Are you wondering how to learn Japanese?
The good news is, today there are more online Japanese courses than ever!
Thanks to the magic of the internet, you can easily learn Japanese from beginner to fluency – without ever visiting Japan, attending a night school, or even leaving the house.
The only problem is, with so many options, which is the best online Japanese course for you?
In this article we’ll list the best ways to learn Japanese online. All of these courses let you study from home, at your own pace and on your own schedule.
Remember, different courses work well for different people. Check the pros and cons of each one. Even better, most of these Japanese courses offer a free trial, so test them out before you commit!
Best Japanese courses
Rocket Japanese is our top recommended online Japanese course. It’s a complete one-stop shop that covers all the skills you need to read, write, speak and understand Japanese.
The course is mainly audio based, with each lesson structured around a 20-30 minute audio track. Each audio lesson introduces a short conversation in Japanese, and then explains all the new words and grammar. Also, you can listen online, or download to listen on the go.
But unlike some audio courses – which focus on listening only – Rocket Japanese is a totally comprehensive course which caters to all learning types. After listening to the core lesson, you have a whole host of interactive resources to practise and reinforce what you’ve learned.
You can replay each conversation line by line. Then, record yourself repeating each line, and the amazing voice-recognition technology will teach you how to hone your pronunciation.
The course also offers flashcards, quizzes, downloadable pdfs, culture lessons, and a cool feature where you can take the role of one of the speakers in each new conversation. There’s even a forum where you can chat to other language learners and get your questions answered by tutors.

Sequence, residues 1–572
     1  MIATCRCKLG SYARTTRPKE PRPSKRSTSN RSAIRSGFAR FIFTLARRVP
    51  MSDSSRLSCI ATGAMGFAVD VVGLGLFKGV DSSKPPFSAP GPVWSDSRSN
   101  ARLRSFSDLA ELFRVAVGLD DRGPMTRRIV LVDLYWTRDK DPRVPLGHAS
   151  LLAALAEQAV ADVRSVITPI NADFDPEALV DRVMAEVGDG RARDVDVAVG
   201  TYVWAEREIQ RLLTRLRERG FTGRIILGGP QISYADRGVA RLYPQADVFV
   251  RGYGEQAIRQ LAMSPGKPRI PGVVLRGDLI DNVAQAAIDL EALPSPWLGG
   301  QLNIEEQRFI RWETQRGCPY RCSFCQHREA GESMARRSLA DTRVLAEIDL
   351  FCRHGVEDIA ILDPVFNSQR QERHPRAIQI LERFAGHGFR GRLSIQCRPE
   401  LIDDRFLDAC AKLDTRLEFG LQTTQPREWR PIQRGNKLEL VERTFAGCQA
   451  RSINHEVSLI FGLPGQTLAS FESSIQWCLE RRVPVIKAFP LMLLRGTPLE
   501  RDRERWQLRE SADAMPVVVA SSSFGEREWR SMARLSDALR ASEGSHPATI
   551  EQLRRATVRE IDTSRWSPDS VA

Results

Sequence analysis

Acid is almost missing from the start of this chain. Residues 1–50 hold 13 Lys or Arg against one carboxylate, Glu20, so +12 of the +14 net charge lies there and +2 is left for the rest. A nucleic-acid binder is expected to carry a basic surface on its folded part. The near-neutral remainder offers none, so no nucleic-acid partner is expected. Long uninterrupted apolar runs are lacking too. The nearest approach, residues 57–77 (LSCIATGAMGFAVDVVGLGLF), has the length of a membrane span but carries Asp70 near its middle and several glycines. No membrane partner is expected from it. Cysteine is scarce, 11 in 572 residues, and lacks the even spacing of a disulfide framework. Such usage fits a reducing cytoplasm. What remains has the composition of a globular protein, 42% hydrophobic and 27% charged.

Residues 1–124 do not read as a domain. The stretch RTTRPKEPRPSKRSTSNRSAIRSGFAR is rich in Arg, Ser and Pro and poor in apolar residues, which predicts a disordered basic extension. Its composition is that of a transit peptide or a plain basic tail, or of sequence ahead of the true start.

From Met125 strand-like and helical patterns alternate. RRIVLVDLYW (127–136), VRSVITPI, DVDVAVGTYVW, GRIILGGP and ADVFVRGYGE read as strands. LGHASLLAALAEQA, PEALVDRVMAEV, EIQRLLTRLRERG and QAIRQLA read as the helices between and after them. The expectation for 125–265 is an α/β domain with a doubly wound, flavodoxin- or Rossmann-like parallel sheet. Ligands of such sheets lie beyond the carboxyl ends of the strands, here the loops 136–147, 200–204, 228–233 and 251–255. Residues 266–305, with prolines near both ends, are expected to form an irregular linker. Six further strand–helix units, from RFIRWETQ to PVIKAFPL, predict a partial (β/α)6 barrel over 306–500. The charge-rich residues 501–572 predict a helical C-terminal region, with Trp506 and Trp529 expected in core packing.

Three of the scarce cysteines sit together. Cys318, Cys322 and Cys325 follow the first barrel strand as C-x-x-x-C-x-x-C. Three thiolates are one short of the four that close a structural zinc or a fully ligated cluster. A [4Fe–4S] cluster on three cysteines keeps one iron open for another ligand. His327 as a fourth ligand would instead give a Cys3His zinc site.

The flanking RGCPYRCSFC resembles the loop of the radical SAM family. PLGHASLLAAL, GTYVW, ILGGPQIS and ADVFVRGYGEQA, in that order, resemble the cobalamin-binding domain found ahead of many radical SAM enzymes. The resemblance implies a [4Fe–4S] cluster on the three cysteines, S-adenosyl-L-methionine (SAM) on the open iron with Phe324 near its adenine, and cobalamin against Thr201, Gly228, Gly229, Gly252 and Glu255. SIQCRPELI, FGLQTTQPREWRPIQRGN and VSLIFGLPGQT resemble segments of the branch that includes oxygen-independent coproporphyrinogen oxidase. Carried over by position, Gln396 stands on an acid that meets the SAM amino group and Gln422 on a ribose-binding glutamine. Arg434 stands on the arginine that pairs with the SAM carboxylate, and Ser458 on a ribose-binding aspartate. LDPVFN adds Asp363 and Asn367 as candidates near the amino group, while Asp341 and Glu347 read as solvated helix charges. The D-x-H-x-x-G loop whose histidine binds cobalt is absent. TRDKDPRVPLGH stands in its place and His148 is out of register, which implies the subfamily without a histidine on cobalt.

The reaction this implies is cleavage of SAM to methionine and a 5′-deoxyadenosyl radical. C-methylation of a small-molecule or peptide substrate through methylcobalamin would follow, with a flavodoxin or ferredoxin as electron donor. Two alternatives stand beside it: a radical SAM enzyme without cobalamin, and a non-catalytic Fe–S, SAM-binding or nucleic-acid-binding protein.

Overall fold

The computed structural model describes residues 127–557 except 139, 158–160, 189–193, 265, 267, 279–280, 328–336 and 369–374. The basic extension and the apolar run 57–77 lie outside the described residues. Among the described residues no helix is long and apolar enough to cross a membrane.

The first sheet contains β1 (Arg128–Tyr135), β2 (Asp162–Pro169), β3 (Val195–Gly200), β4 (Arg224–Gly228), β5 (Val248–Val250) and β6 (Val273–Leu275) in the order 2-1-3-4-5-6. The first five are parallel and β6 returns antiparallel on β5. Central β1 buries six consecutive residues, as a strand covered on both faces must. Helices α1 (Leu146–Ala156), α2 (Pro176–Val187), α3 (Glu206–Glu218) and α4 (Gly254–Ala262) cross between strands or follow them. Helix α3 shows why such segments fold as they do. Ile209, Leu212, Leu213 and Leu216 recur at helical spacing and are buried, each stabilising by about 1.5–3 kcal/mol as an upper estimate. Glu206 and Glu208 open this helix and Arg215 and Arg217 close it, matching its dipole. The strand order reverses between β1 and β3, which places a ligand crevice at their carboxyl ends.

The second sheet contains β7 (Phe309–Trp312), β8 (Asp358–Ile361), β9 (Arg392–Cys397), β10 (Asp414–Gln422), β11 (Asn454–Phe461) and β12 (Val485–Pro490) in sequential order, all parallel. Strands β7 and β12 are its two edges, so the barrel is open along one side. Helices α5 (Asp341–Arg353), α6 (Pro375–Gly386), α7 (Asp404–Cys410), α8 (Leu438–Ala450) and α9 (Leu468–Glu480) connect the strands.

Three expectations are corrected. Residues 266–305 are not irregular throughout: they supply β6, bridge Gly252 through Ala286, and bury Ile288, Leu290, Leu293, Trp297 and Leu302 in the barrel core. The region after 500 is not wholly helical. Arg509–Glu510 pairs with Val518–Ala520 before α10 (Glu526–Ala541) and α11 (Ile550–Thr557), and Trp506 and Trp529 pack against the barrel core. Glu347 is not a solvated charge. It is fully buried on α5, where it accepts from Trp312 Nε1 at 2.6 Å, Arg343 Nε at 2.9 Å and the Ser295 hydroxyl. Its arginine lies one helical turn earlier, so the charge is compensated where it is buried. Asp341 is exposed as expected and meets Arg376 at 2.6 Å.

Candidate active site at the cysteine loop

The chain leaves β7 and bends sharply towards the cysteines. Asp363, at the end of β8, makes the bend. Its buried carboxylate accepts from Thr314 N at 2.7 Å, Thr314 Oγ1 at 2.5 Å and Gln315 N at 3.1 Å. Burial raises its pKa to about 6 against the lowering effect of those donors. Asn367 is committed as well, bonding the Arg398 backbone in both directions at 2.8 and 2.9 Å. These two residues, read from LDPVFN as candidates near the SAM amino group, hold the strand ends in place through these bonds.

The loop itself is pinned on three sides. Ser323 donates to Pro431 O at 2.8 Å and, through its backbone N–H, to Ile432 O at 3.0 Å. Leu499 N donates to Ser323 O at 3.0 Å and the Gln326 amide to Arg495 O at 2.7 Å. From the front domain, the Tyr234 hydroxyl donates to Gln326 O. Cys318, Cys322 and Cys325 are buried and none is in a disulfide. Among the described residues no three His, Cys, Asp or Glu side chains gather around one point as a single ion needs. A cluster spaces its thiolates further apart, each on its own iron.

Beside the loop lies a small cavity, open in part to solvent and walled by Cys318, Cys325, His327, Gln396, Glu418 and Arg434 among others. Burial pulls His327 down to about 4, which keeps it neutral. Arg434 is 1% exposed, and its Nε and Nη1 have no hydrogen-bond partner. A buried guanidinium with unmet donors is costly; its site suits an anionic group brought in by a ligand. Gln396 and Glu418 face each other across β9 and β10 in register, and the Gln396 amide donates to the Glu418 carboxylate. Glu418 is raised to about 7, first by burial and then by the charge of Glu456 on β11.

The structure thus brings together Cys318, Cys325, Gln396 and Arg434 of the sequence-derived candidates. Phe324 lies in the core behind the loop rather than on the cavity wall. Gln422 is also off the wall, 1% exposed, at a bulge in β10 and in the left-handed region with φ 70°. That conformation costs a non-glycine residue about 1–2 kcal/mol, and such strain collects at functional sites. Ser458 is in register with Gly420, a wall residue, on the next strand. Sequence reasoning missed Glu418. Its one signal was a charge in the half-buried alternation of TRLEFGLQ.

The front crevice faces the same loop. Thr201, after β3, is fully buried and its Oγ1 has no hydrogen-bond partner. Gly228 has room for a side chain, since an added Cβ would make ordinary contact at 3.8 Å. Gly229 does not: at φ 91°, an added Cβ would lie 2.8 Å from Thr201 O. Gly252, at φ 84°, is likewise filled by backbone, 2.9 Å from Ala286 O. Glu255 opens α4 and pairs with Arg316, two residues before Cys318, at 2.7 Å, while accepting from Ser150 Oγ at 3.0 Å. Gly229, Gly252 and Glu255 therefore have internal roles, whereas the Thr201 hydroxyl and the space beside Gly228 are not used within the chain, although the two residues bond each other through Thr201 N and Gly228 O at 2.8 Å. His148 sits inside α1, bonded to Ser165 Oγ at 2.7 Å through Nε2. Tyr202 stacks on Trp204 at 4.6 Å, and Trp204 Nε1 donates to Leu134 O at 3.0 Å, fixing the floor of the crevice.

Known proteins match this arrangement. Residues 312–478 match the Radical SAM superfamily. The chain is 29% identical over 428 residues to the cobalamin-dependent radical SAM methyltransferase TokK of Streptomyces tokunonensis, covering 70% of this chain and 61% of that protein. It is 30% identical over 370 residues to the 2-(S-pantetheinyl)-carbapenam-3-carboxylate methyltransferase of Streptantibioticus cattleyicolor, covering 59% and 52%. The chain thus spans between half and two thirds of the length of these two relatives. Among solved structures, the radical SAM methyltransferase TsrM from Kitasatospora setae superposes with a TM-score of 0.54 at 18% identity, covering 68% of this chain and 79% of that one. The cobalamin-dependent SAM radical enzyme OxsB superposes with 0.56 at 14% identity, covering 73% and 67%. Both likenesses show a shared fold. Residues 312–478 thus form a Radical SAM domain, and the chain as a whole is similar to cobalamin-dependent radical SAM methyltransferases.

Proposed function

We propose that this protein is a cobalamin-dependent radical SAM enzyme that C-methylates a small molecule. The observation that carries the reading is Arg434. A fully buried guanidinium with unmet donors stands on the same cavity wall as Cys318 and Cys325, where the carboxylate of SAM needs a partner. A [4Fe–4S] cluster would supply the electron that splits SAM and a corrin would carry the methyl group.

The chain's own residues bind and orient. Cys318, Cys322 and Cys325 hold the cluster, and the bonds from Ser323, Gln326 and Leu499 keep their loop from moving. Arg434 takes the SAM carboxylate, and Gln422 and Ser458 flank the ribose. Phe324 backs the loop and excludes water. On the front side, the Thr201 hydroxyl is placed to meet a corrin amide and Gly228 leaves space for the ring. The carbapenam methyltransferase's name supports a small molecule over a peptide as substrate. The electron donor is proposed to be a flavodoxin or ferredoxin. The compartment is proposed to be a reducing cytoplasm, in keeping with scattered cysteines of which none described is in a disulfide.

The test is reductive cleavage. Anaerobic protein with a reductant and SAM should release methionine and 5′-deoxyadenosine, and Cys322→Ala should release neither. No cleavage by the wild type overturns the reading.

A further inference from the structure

- Downloadable audio tracks so you can study wherever you are
- Access via the website or the Rocket Languages app
- Interactive quizzes and games make learning fun
- Variety of resources
- Streak counter and badges for motivation
- No real people to practise speaking with
- The Japanese forum is not very active
- No placement test for non-beginners
Rocket Japanese is available as three separate levels, which promise to take you from complete beginner all the way up to advanced conversational level. You have access to all lessons within the level(s) you purchase from the start, so if you’re not a beginner, you can easily pick which lessons are best for you.
The free trial is the best way to get a taster. After that, it’s a one-off fee for unlimited lifetime access, including all upgrades. No hidden charges or recurring monthly fees to worry about. In our opinion, Rocket Japanese offers unbeatable value for money for the amount of content it offers. The usual fee is $99.95 for the Premium package (which takes you up to good conversational level. And if you buy all levels at one, there are discounts for higher levels. They have frequent flash sales, so check the current price here.
If you’ve looked into studying Japanese online before, you’ve probably come across JapanesePod101! They’re been around for ages and have a great reputation – and rightly so.
JapanesePod101 is another audio-based course. They started out as podcasts, hence the name. Their podcasts are still the core of their online Japanese lessons, but like Rocket Japanese, they’ve also added a number of other resources such as downloadable PDFs of lesson notes, flashcards, and the ability to replay conversations line by line.
You can listen to all the lessons on their website, or download onto your phone. You can also access the podcasts through the Apple store. It can be hard to find the lessons you want there because there are just so many tracks!
JapanesePod101 lessons are always fun and engaging. You’ll learn a lot about Japanese culture (both traditional and modern), too. And there are literally thousands of tracks available, at all levels, so you’re bound to find a course that’s right for you.
Best of all, you it’s completely free – although there are even more benefits with a paid membership.
Free members can try the entire site for 7 days, then you’ll be restricted to the most recent lessons only. (New lessons come out weekly.) Paid members can access the entire lesson archives, so you can go back to older seasons and study at your own pace. There are a lot more online features available for paid members too.
- Study on the go
- Access the tracks anywhere
- Fun and interesting lessons
- Huge amount of content for free
- Almost too much content – difficult to find what you need
- Lots of English spoken on some tracks
- Advertising and upsells sometimes annoying
Complete beginner up to advanced. You can access all levels at any time, no matter what package you’re on.